ALL THE RAGE (SAVED BY SARNO): Review by Brigid Presecky

Directors Michael Galinsky, Suki Hawley and David Beilinson delve into Dr. John Sarno’s belief system that physical pain is at the root of the human psyche. With celebrity patients like Larry David and Howard Stern, All the Rage (Saved by Sarno) keeps viewers engaged with an engrossing, argumentative look at an alternative to modern medicine. (BKP: 4/5)

Review by Managing Editor Brigid K. Presecky

Think differently. In its truest form, documentaries aim to challenge societal norms and allow viewers to think in deeper, broader ways. Rage is no exception. Dr. John Sarno (who passed away on June 22, a day before the film’s release) had a possible solution to the pain epidemic in America’s aging population. What Larry David described as the closest thing he’s had to a “religious experience,” Sarno provides patience with a book instead of a prescription.

Developed for decades at New York University Medical Center, Dr. Sarno’s “Healing Back Pain: The Mind-Body Connection,” focused on the emotional triggers of physical pain, from stressful relationships to traumatic events of childhood.

Putting it in broader terms for general public, Dr. Sarno tells viewers, “We all generate feelings in the unconscious mind of which we are totally unaware, as a result of our life experiences which begin in childhood.” Aches and pains distract people from the root cause of their problems. Rage towards parents or spouses, for example, can be buried deep down in their unconscious and manifest into a physical ailment.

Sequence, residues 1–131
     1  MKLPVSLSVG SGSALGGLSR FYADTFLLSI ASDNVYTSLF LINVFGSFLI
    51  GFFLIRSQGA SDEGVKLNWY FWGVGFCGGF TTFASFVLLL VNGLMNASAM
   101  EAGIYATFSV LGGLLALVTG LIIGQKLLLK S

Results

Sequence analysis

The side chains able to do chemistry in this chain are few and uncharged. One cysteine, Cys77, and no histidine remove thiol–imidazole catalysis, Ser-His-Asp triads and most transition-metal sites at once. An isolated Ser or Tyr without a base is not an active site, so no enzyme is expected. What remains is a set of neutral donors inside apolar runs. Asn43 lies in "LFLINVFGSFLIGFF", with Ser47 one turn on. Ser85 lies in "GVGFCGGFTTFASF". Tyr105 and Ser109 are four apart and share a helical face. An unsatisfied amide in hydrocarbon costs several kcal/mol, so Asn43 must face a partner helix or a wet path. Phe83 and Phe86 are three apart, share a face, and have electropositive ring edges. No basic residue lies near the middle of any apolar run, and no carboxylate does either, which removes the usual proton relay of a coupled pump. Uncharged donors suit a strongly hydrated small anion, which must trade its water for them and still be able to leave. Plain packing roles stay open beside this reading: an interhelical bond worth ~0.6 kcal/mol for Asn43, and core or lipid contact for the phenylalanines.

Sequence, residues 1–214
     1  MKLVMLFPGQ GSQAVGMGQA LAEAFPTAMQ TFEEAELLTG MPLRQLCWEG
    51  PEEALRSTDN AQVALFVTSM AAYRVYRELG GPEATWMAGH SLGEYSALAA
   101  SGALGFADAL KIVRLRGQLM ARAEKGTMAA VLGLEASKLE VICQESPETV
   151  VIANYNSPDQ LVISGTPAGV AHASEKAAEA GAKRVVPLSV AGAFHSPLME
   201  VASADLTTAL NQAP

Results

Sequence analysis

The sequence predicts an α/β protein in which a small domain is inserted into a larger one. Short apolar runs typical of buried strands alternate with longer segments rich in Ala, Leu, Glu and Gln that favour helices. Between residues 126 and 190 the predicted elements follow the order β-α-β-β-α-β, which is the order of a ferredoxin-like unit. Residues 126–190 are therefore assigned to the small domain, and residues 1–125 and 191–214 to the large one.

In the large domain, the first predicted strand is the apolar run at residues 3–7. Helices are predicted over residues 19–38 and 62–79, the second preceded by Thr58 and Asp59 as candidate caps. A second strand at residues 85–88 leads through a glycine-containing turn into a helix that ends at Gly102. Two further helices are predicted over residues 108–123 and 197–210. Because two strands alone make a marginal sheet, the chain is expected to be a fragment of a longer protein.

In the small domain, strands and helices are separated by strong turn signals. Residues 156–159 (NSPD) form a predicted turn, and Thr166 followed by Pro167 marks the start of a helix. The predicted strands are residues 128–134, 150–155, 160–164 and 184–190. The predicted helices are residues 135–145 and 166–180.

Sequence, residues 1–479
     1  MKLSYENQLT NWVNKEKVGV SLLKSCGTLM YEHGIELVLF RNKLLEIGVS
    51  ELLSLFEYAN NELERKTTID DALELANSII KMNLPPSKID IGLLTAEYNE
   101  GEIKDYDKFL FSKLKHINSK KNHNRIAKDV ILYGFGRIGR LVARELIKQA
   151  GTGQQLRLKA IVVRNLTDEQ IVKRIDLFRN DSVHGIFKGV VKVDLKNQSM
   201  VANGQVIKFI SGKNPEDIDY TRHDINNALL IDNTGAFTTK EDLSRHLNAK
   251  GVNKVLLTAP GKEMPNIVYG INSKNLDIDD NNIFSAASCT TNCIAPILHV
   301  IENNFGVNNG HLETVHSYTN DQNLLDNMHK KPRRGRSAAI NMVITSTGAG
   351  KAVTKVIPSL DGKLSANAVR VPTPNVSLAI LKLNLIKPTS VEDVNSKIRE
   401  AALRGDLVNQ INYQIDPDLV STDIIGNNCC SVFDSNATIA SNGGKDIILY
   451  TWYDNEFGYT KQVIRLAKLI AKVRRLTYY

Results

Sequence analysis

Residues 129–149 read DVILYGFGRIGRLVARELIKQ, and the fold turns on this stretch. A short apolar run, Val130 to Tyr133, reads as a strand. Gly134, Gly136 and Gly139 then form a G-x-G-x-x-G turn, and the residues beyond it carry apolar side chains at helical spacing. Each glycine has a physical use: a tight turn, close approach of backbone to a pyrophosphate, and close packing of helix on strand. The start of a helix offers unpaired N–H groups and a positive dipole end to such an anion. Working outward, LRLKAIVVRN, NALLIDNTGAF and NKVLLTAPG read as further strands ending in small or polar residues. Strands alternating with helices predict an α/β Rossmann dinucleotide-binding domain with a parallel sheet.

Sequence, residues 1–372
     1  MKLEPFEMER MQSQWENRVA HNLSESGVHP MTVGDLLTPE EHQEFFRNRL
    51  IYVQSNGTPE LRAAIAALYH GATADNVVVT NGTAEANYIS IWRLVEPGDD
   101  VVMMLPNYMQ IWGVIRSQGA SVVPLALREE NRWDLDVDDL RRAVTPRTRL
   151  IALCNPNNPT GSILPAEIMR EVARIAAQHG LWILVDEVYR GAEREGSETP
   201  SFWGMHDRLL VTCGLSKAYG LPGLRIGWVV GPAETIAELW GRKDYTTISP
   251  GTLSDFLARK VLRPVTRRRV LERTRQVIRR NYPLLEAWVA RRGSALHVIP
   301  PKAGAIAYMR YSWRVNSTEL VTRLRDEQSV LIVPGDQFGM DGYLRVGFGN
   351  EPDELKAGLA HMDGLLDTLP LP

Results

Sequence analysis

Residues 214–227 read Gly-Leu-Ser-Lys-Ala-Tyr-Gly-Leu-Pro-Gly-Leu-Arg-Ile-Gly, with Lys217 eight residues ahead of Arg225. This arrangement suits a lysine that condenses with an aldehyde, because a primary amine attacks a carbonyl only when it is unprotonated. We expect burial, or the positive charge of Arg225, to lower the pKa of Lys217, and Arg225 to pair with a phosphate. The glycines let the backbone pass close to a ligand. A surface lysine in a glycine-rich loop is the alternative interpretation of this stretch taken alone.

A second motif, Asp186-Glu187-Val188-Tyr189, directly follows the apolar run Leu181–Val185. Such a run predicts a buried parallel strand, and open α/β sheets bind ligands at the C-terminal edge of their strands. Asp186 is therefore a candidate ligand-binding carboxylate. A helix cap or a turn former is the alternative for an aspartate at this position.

Although celebrity guests like Anne Bancroft and Howard Stern agree that Dr. Sarno’s prescription of knowledge has helped them tremendously, director Michael Galinsky provides a first-hand look at how his life was affected by the mind-body connection. Viewers meet his family and experience his own journey of healing and recovery, a first-person touch that deepen the impact of the documentary.

The pacing of All the Rage is consistent and fluid with a blend of talking heads from experts in the field to footage of lectures, interviews and features (including his national coverage on a 1999 episode of 20/20). Skeptics are highlighted here, a much-needed balance to remind viewers that no, not all pain is in a person’s head. What it does show, however, is how the most powerful tool in a human body is the mind – something everyone can agree on.

© Brigid K. Presecky (6/27/17) FF2 Media

Photos: Michael Galinksy and Dr. John Sarno

Photo Credits: Michael Galinksy/Rumur

Q: Does All the Rage (Saved by Sarno) pass the Bechdel-Wallace test?


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Brigid Presecky began her career in journalism at Chicago's Goodman Theatre. In 2008, she joined FF2 Media as a part-time film critic and multimedia editor. Receiving her Bachelor of Arts degree in Communications from Bradley University, she moved to Los Angeles where she worked in development, production and publicity for Berlanti Productions, Entertainment Tonight and Warner Bros. Studios, respectively. Returning to her journalistic roots in Chicago, she is now a member of the Chicago Film Critics Association and certified Rotten Tomatoes Film Critic.
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